by Tim Stinson
Many owners of mineral rights in Texas have become the recipients of hundreds of thousands—or even millions—of dollars as a result of the oil boom that has struck the state. With areas such as the Permian Basin and Eagle Ford Shale in Texas producing more oil than ever before, those who own mineral rights have often times been fortunate when it comes to cashing in on their rights.
However, those without mineral rights have benefited from the oil boom in numerous ways as well. Thousands of people within the state who simply own land have made huge profits through other means connected to oil and natural gas. One such way that landowners have become rich quick has been through profiting by the means of payouts for pipeline development in Texas.
Pipelines Companies Paying More than Ever Before
Pipelines In Texas – How Landowners Without Minerals are Profiting from the Boom In order to retrieve and transport oil and natural gas, pipeline, and lots of it, is needed in the Eagle Ford Shale and Permian Basin areas. As such, pipeline companies have been paying landowners for years for the rights to lay pipeline across the landowners’ property. As the oil boom continues to surge, though, pipeline companies are paying landowners more than ever before.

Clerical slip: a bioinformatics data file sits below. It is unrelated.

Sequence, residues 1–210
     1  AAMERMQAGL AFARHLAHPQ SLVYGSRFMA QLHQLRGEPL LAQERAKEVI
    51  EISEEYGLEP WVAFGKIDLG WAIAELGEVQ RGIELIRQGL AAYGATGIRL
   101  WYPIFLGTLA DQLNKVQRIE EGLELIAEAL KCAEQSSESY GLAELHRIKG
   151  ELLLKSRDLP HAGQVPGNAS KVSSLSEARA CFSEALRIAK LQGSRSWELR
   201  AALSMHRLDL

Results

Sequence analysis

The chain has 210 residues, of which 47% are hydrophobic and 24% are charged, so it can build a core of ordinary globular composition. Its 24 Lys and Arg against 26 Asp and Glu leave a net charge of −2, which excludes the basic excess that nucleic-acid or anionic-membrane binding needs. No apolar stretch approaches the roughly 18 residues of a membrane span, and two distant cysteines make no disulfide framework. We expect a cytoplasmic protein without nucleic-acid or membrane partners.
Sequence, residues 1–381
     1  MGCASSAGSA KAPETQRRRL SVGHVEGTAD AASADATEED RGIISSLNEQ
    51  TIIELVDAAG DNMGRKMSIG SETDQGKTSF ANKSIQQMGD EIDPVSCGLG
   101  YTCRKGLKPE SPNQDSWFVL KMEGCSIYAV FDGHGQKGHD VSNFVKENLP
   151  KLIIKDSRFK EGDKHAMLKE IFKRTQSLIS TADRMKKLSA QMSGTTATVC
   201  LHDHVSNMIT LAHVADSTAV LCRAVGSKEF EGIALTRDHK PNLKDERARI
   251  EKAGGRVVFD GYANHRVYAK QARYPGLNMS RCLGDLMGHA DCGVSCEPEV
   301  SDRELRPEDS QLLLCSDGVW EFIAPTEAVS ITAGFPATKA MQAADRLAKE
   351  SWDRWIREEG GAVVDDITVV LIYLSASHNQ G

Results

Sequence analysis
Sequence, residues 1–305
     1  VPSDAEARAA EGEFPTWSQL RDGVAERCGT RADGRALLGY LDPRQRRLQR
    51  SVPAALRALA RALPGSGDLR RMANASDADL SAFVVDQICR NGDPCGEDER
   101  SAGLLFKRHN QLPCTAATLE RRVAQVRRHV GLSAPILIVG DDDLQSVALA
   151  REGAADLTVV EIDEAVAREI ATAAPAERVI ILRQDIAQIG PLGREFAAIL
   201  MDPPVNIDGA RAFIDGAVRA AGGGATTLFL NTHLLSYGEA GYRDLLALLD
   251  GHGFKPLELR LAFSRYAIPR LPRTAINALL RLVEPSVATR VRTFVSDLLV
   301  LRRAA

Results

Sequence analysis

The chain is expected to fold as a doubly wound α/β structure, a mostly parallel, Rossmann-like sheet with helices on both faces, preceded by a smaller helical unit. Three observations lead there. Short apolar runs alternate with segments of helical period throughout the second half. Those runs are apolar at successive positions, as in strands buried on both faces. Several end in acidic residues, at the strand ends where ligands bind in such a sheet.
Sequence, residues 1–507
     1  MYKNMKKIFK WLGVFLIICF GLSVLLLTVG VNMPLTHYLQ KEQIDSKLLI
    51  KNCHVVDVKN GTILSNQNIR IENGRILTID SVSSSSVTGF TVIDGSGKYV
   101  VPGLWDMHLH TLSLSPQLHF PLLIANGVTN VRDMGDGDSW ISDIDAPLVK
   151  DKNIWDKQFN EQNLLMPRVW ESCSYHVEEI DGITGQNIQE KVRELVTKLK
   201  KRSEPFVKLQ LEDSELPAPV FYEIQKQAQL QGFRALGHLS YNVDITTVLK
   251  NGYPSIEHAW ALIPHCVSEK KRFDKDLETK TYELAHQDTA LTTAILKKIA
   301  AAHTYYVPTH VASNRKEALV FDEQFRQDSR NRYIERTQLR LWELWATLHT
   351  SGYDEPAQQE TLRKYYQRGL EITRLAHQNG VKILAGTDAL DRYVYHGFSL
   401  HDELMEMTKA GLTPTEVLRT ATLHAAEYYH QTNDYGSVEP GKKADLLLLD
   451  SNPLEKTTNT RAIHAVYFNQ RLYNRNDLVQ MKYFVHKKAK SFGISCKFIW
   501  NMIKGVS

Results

Take, for example, the 2014 case set in Johnson County in Texas, where Peregrine Pipeline Co. offered $80,000 to a landowner for the rights to lay pipeline across one mile of vacant land. When the landowner stated that he believed the price to be much too low, the case went to court. The outcome? The Johnson County jury agreed with the landowner—the price was too low. As a result, the landowner was awarded a higher offer, a much higher offer: $1.6 million, plus interest, to be exact.
But the example of Peregrine isn’t the only one in the state; juries awarded $650,000 in 2010 to a family in McMullen County, and nearly $800,000 to a family in Denton County in the same year.
Why the High Payouts?
Like any basic case of supply and demand, both landowners and pipeline companies in Texas have realized that the demand for land is worth more than it has ever been before. As the production of oil and natural gas continues to increase to almost unheard of rates, the oil and gas industry is struggling to lay pipelines quickly enough to keep up with the surge. As such, in order to operate as quickly and efficiently as possible, they’re offering big payouts to landowners. And if they don’t, the landowners are countering with higher offers, when understanding the value of their property. Plus, because of the high costs of going to court—both financially and in relation to time—pipeline companies are more and more willing to pay higher amounts to landowners to avoid a courtroom debacle.